The title of our reading for this week, Music and Gender, reminded me of a story from a few years ago that I wanted to share. It's not really current news anymore except within the tuba community, but it is still a good story and shows one of the positive directions that music is going. In 2006, the Philadelphia Orchestra had an opening for the principal tuba seat and nobody could have predicted what would have happened. We know that the Philly Orchestra in considered to be one of the "big 5" in terms of US Orchestras (the others being NY, Boston, Cleveland and Chicago). So as it would be with any seat in the orchestra, the tuba seat was expected to have a massive audition number and it lived up to expectations with around 200 tubists trying out for the spot. The person that ended up standing at the end was Carol Jantsch who not only became the first woman to earn a tuba seat in a major orchestra but one of the youngest, being 21 years old and finishing up her senior year at the University of Michigan. To put that in perspective, Gene Pokorny, the tubist for the Chicago Symphony Orchestra has been playing with Chicago almost as long as Carol has been alive. In a profession where tubists enjoy sitting in an orchestra they enjoy for as long as possible, the premier seats become even harder to get. It truly is an amazing accomplishment.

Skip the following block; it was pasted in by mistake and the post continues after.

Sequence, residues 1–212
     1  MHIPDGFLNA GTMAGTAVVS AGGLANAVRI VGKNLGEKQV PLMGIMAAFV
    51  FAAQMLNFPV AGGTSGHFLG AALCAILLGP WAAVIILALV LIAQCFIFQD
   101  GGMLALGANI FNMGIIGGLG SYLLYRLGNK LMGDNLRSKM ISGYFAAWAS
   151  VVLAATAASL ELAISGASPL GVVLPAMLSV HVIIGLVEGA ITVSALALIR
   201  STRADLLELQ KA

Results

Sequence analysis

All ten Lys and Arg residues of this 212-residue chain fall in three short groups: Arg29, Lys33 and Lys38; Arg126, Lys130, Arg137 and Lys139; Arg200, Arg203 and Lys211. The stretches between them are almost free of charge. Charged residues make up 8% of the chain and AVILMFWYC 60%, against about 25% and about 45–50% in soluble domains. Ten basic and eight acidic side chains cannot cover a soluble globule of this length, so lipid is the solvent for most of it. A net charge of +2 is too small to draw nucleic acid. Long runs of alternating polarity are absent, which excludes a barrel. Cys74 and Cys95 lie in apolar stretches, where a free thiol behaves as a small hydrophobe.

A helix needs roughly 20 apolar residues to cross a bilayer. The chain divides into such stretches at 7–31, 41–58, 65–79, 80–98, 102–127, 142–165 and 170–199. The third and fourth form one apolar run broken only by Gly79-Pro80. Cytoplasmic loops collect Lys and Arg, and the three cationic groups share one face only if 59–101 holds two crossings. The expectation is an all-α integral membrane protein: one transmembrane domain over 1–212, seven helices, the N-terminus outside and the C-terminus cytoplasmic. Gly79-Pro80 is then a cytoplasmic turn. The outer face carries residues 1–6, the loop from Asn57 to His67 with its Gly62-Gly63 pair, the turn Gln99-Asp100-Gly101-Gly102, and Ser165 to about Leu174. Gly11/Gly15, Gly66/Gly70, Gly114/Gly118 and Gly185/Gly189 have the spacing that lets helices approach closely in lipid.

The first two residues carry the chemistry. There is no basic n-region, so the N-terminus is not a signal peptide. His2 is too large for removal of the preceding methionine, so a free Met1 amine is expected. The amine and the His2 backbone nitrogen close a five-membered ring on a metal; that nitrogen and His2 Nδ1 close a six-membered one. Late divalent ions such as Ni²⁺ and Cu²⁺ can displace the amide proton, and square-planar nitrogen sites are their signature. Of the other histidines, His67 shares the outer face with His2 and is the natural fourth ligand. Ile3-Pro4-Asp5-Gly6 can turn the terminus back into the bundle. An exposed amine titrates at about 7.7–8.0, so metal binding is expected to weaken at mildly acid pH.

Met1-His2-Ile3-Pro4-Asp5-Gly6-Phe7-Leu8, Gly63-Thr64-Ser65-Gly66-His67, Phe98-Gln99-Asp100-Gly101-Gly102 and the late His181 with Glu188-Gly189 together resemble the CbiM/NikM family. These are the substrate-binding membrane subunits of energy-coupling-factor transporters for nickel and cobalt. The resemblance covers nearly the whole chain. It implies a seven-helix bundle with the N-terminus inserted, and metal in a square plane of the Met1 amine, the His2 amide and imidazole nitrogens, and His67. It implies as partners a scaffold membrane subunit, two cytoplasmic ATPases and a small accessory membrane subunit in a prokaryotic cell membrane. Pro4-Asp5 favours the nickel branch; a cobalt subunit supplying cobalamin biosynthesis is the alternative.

You can see one of the original articles on this here.